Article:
The Gibbs dividing plane lies at zg = 16.2 Å, giving an interfacial decay length of δ = 1.01 Å. Following the usual convention, the mean field interfacial region lies between 90% and 10% liquid density and the interior region lies above 90% liquid density. With these definitions, the interfacial width is 2.22 Å, or about one molecule thick. The interior region is approximately 2(zgδ) = 30.2 Å thick.

To check whether the interior region is indeed a bulk liquid, Fig. 3 shows a comparison of the oxygen–oxygen radial distribution functions (RDFs) between the interior region, equivalent bulk liquid simulations at coexistence pressure and experiment.26 The interior region is slightly overstructured with respect to both the constant temperature simulations and experimental data, consistent with a lower density. Similar simulations using 4000 molecules give an interior region with a local structure and density (ρL = (987 ± 2) kg m−3) closer to that of a bulk liquid (Fig. 4), showing that a stable bulk liquid is only formed at around a distance of 25 Å from the surface.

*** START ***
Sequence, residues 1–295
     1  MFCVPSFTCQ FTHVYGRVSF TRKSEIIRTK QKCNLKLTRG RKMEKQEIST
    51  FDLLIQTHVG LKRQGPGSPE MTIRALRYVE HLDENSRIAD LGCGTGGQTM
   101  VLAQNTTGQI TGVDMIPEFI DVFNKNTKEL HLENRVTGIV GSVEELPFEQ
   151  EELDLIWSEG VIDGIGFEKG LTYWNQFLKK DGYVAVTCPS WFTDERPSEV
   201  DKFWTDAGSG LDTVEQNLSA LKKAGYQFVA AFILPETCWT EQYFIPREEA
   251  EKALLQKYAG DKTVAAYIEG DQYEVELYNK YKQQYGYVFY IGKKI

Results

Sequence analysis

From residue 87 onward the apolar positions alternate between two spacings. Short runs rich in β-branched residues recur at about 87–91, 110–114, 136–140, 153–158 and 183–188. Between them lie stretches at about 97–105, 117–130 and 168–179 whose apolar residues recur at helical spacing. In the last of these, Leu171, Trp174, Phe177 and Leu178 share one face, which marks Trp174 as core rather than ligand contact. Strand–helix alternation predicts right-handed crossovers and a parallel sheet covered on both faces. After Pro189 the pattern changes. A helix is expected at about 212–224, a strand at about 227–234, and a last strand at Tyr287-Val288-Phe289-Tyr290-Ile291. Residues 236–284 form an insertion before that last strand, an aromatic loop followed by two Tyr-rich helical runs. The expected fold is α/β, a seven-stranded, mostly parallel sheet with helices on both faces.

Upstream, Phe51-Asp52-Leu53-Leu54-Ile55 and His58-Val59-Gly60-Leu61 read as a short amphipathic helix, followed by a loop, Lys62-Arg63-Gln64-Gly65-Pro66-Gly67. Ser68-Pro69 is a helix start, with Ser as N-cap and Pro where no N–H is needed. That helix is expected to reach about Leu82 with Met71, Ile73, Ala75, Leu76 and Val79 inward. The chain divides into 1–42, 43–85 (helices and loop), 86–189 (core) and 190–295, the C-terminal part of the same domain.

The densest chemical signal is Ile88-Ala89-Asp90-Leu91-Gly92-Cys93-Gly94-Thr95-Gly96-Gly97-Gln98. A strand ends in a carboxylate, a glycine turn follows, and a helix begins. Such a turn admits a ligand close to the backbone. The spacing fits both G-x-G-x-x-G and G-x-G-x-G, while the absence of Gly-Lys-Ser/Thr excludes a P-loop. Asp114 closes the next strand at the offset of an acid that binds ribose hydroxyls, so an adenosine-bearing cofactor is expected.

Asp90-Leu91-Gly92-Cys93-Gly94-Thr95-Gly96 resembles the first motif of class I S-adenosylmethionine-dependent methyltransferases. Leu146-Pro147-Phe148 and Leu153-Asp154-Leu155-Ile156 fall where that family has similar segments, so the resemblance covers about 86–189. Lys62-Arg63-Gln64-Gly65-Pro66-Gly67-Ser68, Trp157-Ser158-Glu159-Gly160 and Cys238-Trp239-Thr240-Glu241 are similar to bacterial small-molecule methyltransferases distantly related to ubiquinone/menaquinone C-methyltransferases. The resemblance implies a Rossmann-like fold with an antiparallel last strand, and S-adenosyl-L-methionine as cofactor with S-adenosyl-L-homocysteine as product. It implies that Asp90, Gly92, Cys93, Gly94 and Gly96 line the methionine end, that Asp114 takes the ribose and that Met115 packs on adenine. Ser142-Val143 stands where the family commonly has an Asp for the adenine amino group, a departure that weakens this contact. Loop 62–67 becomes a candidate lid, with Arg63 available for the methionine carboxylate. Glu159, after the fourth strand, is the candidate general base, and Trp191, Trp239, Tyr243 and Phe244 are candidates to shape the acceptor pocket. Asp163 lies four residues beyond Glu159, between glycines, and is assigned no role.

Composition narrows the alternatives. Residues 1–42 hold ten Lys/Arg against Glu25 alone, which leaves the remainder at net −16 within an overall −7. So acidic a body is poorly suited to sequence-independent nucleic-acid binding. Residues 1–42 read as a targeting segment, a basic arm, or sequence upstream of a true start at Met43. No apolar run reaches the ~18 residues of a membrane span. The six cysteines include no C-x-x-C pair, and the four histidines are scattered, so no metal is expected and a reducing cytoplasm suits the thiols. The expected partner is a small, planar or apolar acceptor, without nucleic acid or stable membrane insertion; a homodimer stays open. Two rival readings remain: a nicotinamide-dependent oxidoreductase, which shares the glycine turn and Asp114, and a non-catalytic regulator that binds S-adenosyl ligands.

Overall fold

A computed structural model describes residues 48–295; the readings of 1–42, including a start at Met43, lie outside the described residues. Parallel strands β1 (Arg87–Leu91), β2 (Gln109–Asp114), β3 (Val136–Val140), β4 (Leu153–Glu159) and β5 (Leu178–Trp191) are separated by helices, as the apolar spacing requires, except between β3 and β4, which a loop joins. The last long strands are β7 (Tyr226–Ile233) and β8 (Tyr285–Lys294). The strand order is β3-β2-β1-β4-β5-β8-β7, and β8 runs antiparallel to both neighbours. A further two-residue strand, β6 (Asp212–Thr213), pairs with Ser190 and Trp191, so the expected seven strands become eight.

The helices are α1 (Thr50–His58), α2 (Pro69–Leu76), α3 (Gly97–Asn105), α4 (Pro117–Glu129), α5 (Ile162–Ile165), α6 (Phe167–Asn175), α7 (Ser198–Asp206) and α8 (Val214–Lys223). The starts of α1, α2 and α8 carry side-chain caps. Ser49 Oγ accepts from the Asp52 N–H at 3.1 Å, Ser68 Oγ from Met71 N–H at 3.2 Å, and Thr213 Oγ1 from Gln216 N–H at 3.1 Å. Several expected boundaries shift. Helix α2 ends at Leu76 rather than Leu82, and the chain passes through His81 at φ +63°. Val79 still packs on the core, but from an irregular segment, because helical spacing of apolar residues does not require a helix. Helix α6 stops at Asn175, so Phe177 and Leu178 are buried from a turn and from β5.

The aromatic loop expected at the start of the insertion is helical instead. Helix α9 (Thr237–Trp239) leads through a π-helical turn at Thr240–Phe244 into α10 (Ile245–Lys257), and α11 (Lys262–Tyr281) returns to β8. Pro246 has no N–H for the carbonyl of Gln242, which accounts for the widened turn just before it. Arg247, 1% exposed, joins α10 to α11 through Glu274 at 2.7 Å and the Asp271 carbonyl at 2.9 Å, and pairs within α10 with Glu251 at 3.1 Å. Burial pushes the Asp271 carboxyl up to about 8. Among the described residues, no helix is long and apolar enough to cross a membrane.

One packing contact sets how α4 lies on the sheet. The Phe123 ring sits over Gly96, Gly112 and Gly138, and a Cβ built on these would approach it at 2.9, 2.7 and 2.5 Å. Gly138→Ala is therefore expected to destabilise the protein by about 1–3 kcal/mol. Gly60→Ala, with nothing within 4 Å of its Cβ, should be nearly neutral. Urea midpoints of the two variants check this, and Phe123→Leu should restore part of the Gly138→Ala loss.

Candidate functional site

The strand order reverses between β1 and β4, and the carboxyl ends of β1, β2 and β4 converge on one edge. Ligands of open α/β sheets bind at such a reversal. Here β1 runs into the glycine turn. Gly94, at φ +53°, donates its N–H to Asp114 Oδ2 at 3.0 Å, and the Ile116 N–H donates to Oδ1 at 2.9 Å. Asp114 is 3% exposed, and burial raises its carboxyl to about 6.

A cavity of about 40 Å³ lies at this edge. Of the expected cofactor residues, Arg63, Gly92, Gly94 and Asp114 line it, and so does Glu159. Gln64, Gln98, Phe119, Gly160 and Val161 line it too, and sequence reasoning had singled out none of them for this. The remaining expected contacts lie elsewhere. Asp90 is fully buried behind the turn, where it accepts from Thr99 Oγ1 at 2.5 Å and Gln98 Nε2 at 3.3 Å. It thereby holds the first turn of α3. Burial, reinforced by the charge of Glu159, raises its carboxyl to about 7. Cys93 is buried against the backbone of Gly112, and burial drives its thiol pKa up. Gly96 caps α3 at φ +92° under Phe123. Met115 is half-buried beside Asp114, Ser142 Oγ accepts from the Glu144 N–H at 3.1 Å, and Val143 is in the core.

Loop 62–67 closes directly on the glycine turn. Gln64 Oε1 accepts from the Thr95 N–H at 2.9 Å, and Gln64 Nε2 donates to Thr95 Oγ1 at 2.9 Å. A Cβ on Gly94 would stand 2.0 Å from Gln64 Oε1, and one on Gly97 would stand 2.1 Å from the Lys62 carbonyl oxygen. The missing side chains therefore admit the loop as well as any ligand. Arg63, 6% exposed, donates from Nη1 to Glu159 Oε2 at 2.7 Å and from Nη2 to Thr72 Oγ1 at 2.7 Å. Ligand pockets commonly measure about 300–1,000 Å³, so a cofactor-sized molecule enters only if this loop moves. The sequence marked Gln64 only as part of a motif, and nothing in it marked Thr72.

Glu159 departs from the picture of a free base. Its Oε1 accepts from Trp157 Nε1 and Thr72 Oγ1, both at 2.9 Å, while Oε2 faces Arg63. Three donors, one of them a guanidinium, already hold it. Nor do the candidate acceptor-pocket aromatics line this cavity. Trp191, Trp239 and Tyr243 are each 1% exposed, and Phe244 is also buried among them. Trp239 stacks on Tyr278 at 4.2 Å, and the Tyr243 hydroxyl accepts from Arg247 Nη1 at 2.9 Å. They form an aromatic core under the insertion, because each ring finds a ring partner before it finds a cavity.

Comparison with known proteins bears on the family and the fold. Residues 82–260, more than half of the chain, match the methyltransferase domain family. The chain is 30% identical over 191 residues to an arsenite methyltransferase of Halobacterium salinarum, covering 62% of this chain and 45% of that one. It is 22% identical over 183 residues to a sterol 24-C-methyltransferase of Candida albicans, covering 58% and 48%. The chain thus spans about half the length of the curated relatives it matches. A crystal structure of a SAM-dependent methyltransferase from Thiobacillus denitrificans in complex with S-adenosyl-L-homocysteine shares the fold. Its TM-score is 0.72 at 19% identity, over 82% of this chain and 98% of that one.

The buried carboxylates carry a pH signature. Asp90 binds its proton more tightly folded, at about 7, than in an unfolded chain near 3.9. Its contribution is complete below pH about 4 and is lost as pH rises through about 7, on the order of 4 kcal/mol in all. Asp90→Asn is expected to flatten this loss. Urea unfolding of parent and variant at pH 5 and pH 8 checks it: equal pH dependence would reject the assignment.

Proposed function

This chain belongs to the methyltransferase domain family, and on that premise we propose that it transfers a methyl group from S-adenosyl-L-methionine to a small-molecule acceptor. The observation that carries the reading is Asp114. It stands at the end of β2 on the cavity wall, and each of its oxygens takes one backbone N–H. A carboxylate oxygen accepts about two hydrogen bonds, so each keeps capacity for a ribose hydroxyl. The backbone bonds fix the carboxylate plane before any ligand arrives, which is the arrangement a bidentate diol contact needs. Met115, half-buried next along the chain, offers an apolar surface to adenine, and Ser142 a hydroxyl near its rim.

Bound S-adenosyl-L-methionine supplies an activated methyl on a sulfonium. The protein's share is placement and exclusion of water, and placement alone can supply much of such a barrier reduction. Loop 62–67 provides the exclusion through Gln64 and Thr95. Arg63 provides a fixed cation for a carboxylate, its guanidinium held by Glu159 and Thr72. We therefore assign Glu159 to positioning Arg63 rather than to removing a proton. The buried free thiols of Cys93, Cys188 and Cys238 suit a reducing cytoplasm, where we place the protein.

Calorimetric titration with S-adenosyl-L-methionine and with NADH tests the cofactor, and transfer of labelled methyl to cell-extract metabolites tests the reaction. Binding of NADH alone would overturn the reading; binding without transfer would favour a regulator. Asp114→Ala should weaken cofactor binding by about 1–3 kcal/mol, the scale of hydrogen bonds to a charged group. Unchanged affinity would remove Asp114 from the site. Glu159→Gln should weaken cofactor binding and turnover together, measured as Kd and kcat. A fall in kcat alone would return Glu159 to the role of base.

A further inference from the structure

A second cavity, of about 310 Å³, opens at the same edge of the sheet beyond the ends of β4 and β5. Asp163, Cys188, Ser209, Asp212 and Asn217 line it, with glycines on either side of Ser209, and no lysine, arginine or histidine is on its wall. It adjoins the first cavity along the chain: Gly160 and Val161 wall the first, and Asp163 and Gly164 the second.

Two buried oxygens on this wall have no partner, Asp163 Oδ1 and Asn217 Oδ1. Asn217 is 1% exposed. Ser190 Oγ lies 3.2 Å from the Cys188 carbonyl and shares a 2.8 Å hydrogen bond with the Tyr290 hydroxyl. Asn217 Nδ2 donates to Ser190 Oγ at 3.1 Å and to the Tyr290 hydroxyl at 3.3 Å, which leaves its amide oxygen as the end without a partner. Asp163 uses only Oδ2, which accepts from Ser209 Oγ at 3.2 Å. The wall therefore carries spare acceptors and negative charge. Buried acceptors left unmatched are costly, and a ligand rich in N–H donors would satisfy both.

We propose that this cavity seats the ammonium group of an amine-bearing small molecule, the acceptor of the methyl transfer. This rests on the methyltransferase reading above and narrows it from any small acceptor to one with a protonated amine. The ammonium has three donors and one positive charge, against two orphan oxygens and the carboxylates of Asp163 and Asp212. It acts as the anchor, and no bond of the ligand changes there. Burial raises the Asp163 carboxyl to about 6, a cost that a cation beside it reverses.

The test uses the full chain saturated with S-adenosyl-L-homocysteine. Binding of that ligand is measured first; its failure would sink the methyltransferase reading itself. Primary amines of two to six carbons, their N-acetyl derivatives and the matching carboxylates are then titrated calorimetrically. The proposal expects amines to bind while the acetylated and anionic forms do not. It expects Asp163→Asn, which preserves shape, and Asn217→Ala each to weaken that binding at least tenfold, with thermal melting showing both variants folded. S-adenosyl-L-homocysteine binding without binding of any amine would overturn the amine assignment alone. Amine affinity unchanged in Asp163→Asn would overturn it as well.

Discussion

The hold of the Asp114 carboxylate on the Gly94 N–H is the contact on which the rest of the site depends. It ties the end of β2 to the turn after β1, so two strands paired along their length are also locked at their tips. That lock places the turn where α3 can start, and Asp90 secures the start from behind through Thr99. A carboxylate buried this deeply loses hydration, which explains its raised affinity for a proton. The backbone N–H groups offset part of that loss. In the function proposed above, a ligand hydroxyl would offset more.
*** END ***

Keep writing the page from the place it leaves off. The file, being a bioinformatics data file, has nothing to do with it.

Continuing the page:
image file: c4cp05506c-f3.tif
Fig. 3 The interior, bulk and experimental26 oxygen–oxygen radial distribution functions for 576 molecules.

image file: c4cp05506c-f4.tif
Fig. 4 The interior, bulk and experimental26 oxygen–oxygen radial distribution functions for 4000 molecules.

3 Results and discussion

3.1 Interfacial molecular dipole moment

Since QDO-water is an electronically responsive model, the molecular dipole moment will vary throughout the cell, depending on the local molecular configuration. Fig. 2 shows the magnitude of the molecular dipole moment superimposed over the density. Fitting its value to a similar functional form to the density
 
image file: c4cp05506c-t2.tif(2)